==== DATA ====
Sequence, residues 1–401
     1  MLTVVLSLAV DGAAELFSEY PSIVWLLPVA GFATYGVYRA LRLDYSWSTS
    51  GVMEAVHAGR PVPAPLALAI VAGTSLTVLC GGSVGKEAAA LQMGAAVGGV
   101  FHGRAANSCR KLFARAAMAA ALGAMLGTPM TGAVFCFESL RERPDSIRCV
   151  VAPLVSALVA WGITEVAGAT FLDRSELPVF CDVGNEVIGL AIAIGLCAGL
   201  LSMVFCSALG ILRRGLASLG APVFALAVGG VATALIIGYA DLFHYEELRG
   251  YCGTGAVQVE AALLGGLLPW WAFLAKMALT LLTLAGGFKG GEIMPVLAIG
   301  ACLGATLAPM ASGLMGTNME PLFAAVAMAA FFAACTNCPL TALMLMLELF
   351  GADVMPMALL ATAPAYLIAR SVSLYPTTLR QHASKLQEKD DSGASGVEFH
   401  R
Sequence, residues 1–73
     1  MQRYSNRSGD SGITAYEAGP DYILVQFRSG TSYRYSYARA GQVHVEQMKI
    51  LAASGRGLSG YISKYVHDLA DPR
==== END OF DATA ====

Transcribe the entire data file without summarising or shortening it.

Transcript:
Sequence, residues 1–401
     1  MLTVVLSLAV DGAAELFSEY PSIVWLLPVA GFATYGVYRA LRLDYSWSTS
    51  GVMEAVHAGR PVPAPLALAI VAGTSLTVLC GGSVGKEAAA LQMGAAVGGV
   101  FHGRAANSCR KLFARAAMAA ALGAMLGTPM TGAVFCFESL RERPDSIRCV
   151  VAPLVSALVA WGITEVAGAT FLDRSELPVF CDVGNEVIGL AIAIGLCAGL
   201  LSMVFCSALG ILRRGLASLG APVFALAVGG VATALIIGYA DLFHYEELRG
   251  YCGTGAVQVE AALLGGLLPW WAFLAKMALT LLTLAGGFKG GEIMPVLAIG
   301  ACLGATLAPM ASGLMGTNME PLFAAVAMAA FFAACTNCPL TALMLMLELF
   351  GADVMPMALL ATAPAYLIAR SVSLYPTTLR QHASKLQEKD DSGASGVEFH
   401  R
Sequence, residues 1–73
     1  MQRYSNRSGD SGITAYEAGP DYILVQFRSG TSYRYSYARA GQVHVEQMKI
    51  LAASGRGLSG YISKYVHDLA DPR